With headliners like these, you can be rest assured where the majority of funding for the festival is going: non-local, non-jazz musicians. Jazz musicians – and local talent in the jazz community – lose out year after year. The perfect local example of this phenomenon is the TD Winnipeg International Jazz Festival.

Originally called the Jazz Winnipeg Festival, it first kicked off in 1989. Jazz Winnipeg was – and still is – the non-profit that organizes the event, which was created by the grassroots organization. Between 1989 and 2009, some of the notable performers included McCoy Tyner, Dave Brubeck, Herbie Hancock, Kenny Garrett Quartet, and Al Green.

In late 2000s, Jazz Winnipeg welcomed the financial support of several sponsors, including title sponsor and local jazz radio station 99.1 COOL-FM. This lasted for several years until TD Bank Financial Group replaced the station as the title sponsor leading up to the 2010 festival. Then-Jazz Winnipeg executive producer Paul Nolin called the switch “a huge step for Jazz Winnipeg.”

Perhaps in the short term it was. The next few festivals saw the inclusion of jazz greats Sonny Rollins, Wynton Marsalis, George Benson, and Bobby McFerrin. In the long term, however, the verdict has come in: a change in sponsorship – being backed by financial interests – has proven detrimental to the music.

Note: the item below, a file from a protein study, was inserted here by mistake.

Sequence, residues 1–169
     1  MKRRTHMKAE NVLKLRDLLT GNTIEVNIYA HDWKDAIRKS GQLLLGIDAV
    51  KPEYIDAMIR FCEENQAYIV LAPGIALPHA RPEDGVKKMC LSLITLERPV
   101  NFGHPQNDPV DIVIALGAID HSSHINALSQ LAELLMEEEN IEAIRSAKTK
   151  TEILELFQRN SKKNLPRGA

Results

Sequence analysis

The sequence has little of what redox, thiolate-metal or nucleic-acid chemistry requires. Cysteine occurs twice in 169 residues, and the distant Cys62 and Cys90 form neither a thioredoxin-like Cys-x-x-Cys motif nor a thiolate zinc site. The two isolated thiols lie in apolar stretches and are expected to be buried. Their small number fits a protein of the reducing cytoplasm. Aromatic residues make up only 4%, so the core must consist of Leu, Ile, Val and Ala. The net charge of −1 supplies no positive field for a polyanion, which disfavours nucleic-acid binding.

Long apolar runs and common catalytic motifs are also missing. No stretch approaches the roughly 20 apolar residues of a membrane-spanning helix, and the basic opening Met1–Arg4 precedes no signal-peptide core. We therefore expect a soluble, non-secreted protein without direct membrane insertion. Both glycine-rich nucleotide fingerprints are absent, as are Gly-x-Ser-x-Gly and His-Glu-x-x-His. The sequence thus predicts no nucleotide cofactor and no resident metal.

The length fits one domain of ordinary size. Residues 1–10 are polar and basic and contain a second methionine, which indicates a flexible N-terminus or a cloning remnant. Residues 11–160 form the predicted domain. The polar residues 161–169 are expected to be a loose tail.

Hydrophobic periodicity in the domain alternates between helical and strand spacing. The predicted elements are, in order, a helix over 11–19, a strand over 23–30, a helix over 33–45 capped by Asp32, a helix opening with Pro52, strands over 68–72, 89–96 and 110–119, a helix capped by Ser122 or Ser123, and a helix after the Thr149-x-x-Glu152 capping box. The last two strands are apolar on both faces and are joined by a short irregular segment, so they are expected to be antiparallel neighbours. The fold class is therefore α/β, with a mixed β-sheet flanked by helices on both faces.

In fall of 2016, Jazz Winnipeg executive producer Paul Nolin stepped down and was replaced by Michael Falk. Some of his credentials included working as the artistic director for the West End Cultural Centre, producer of the indie music pop-up party SpaceLand, and fronting local indie band Les Jupes. To say his hiring was a miscalculation on the part of the board would be a gross understatement.

With a huge financial institution sponsoring the festival, and in turn, a primary focus on monetization of the event, it is little wonder someone with no apparent background in jazz music and the Winnipeg jazz community can become the artistic director of a major Canadian jazz festival.

Following the now-fundamental focus on moving as many bodies and selling as many drinks as possible, the shift of attention from local and mainstream jazz to indie and rock artists has been noticeable.